(For the novice, tagging is the practice of assigning identifying keywords or ‘tags’ to a document stored online. Pictures on Flickr, links on Del.icio.us, blog posts on Technorati, etc. Even my ‘category’ assignments for each post could be considered tags. Metadata use in tag form makes searching for documents much more practical.)
My first thought was a knee-jerk reaction: metadata in this form would be much more useful using a standardized vocabulary. Something more along the lines of the Library of Congress Subject Headings, for example. Wouldn’t you rather know that searching for ‘China’ returned everything relevant, and you didn’t miss out on results tagged with ‘Chinese’ or something similar?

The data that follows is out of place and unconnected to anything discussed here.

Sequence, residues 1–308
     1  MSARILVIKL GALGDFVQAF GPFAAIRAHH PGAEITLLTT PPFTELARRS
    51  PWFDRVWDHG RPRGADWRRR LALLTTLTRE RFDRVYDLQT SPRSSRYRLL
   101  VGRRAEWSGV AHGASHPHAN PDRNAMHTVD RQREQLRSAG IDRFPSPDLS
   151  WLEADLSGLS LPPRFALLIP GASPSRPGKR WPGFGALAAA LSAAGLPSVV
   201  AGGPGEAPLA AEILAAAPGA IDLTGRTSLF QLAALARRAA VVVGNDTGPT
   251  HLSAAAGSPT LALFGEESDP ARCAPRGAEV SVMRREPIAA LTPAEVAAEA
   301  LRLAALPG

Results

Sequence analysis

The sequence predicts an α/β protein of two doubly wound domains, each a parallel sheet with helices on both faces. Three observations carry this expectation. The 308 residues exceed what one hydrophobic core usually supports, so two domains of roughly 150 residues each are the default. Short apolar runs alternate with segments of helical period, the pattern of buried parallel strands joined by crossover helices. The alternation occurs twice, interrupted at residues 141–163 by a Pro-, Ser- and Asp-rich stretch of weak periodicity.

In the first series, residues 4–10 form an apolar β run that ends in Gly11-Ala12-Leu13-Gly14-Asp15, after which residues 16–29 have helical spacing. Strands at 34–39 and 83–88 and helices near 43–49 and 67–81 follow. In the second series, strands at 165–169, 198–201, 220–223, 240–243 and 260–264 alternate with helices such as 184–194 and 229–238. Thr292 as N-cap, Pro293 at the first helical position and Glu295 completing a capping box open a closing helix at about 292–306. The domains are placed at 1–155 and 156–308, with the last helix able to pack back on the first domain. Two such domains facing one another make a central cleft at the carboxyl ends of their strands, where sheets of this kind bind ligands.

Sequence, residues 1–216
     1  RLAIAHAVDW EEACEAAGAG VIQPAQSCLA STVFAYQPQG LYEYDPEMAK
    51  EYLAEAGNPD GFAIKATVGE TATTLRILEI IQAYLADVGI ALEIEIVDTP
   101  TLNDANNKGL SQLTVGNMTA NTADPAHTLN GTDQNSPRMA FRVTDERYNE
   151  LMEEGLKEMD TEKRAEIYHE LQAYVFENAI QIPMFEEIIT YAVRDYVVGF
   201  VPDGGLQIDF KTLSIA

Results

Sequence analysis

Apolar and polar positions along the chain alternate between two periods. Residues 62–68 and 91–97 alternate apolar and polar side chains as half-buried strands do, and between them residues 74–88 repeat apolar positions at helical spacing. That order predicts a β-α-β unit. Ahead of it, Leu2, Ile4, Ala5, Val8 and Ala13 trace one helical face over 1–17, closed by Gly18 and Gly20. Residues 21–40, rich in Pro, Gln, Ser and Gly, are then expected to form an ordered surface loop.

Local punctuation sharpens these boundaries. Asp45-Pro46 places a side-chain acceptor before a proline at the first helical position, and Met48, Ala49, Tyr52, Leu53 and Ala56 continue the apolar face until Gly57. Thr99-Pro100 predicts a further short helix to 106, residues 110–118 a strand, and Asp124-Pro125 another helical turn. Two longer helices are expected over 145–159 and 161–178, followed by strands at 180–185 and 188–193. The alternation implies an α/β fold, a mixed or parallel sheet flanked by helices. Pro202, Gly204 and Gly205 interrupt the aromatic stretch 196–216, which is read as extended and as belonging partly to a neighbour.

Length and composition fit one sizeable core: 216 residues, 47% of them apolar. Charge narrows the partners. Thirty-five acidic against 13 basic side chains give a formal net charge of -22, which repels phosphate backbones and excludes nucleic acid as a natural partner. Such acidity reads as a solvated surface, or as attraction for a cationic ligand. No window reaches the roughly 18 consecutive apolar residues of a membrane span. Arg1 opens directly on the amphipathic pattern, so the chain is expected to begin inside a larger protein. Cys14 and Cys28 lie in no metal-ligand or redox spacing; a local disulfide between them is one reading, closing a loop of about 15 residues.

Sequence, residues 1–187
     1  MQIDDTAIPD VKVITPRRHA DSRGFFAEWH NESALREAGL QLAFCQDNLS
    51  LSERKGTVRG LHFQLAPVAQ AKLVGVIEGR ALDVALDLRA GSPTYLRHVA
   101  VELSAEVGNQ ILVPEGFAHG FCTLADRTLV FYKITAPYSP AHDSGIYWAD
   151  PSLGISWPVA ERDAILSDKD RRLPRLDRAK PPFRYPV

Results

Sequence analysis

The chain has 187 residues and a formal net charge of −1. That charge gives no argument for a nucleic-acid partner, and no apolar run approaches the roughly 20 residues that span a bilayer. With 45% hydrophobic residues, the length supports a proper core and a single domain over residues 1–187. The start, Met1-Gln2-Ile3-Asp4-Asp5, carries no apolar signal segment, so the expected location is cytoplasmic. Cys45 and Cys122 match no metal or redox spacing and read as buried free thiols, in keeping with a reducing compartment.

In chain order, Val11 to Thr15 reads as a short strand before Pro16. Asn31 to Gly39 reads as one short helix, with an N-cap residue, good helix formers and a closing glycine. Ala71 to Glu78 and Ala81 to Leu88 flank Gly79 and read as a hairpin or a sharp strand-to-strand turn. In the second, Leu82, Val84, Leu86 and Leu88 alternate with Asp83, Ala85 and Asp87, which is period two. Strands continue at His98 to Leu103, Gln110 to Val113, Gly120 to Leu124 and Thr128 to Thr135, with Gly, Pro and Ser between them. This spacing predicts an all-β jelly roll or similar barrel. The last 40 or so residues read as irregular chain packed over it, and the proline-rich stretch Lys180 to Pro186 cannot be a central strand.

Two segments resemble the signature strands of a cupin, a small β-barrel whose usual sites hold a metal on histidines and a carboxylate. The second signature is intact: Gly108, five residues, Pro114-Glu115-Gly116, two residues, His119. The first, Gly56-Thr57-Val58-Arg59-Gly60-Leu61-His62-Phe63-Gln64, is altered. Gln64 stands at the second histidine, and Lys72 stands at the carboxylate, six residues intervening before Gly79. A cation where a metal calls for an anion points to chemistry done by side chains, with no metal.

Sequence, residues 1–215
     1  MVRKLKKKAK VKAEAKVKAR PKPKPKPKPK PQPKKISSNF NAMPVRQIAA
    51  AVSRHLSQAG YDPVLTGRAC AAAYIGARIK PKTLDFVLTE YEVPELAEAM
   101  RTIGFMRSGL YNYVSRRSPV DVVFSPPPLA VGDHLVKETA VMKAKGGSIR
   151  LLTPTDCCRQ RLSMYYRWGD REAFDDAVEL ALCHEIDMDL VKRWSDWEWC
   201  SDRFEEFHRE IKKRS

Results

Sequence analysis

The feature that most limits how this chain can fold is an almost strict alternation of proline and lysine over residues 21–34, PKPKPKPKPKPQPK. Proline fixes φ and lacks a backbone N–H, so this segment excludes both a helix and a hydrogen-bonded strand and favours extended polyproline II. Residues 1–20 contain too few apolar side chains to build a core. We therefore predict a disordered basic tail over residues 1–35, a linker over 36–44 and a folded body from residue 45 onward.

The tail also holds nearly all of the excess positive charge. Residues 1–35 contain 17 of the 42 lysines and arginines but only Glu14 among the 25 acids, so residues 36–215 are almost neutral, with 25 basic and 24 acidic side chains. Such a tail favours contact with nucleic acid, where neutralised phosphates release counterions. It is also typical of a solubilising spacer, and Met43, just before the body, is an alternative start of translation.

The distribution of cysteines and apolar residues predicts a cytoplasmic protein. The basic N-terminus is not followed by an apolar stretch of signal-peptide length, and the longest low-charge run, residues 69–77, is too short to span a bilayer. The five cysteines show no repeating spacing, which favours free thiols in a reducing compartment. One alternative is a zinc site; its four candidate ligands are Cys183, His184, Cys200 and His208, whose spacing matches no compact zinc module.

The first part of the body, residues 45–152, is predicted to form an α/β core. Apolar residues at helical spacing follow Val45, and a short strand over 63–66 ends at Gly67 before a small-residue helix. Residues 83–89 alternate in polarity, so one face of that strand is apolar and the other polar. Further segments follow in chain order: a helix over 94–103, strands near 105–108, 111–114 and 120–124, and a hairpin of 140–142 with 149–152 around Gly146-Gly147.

But then I got to thinking: The amount of human effort required to make such a standardized vocabulary useful would be staggering. Using an interface like Google Suggest might help in implementation, but wouldn’t solve the issue of creating a definitive tag list in the first place.
So let the creators of content do their own tagging. Yes it’s freeform, but it’s better than nothing. It’ll take time to develop, but perhaps harnessing the power of a group in this manner is the solution. And isn’t a librarian’s job to sort through information and organize it into a useful form? Doing that with tags is no different than other sources.
In the end, the idea of tagging documents has re-introduced the concept of metadata to a wide audience. And that can’t be bad for organizing the web.
Later today when I’ve got a bit more free time I’ll look into adding technorati tags to my own posts.